By Bill Maher
There's a new stupid conservative argument making the rounds as President Obama and his socialist pal Pope Francis begin to focus on income inequality.
"Anti-poverty warrior Bill Maher... For an anti-poverty warrior, dude definitely makes a lot of money."
This was AM 870 dweeb Ben Shapiro (as he tried to defend the Duck Dynasty guys, because our criticism of their fraudulent personas really hurt conservative feelings!). But the argument is also one that we're hearing being directed at the President, the Pope, and anyone else speaking out about poverty and inequality: "He's not poor. Therefore: hypocrite."
It's even dumber than complaining about Al Gore's heating bill. That's stupid, but this latest push to discredit people speaking out against income inequality is a little more evil, because there is literally nobody else who CAN speak up. Of course the poor and powerless can't make themselves heard without help; if they could, they wouldn't be powerless. Or poor.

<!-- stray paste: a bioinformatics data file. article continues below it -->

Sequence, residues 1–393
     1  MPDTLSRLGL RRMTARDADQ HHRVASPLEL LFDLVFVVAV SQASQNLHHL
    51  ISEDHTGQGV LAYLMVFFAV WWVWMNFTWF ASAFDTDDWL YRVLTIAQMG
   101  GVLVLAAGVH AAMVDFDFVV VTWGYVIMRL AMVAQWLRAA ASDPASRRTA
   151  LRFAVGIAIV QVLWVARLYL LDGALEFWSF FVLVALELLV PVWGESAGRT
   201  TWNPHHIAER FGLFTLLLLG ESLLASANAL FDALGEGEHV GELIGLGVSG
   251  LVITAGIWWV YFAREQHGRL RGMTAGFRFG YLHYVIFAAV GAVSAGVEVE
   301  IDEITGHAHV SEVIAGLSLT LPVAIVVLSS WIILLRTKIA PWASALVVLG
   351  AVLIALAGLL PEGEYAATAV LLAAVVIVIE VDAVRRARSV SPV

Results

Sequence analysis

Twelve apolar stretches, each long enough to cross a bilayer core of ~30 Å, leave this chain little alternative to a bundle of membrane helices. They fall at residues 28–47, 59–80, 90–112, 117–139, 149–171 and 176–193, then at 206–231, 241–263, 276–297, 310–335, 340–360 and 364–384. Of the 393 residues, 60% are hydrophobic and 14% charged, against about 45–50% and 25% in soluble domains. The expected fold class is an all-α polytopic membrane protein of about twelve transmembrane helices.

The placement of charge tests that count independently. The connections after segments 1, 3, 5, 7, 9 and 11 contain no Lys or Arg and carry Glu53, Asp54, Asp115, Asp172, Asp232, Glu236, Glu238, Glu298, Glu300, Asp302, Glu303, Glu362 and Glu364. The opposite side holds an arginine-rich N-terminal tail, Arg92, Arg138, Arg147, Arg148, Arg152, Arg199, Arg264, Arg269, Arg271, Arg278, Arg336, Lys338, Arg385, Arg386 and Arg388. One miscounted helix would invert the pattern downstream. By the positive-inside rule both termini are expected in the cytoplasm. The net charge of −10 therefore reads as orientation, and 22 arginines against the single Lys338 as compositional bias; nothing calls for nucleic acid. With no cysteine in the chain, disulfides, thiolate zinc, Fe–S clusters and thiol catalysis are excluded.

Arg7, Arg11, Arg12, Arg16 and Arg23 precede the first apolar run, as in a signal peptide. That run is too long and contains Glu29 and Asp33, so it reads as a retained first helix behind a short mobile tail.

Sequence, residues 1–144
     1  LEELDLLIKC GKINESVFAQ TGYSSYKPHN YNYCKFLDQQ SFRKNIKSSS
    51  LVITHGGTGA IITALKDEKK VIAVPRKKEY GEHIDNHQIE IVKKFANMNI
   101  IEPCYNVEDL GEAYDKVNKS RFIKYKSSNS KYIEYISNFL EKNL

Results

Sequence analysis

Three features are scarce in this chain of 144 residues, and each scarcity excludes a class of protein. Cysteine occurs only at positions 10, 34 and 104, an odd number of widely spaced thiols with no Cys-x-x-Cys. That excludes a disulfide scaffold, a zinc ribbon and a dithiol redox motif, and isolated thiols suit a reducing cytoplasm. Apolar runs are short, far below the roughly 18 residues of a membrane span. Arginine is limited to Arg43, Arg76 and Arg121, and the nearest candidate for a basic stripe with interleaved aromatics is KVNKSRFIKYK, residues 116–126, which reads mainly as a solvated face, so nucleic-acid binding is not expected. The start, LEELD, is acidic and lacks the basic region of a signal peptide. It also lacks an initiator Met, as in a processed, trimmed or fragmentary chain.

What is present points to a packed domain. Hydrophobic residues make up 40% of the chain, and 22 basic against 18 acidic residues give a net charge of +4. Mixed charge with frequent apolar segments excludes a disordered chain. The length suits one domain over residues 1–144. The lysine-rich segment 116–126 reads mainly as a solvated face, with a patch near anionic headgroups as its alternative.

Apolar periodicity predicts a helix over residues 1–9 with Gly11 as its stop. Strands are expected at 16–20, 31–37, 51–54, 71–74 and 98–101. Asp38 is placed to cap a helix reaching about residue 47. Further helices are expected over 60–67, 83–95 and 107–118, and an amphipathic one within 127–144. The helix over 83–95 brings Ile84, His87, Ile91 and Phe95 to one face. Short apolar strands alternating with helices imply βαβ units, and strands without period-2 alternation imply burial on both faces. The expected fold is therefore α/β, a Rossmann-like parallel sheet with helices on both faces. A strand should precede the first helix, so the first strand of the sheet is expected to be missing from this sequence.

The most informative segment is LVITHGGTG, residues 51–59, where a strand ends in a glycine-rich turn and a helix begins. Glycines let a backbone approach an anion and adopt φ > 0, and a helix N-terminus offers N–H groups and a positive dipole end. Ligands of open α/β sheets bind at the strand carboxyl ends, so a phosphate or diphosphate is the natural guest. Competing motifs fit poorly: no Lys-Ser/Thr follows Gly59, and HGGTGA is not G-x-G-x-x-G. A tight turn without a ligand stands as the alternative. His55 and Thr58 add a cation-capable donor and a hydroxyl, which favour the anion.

Can we name any famous people who are actually poor? I mean, besides Randy Quaid. And the various laughable rednecks and mooks who populate reality TV's squalid and cruel little world. But in terms of people who choose to speak out on public policy - are any of them poor, or even lower-middle income?
Of course not. And yet conservatives, terrified by the prospect of having to pay single moms 10 bucks an hour, are attempting to spread the ridiculous idea that liberals who want the poor to have more money should therefore be willing to impoverish themselves. The argument is - what? That the only acceptable spokesperson for the poor is Mother Teresa? Well, she's dead. And, as it turns out, kind of a bitch.
This new Congress is the first ever to have a majority of millionaires - 268 in all. The poor and lower middle class, meanwhile, are increasingly screwed. And that only gets worse if we let people spread the toxic non-point that nobody with money or power is allowed to speak up for them.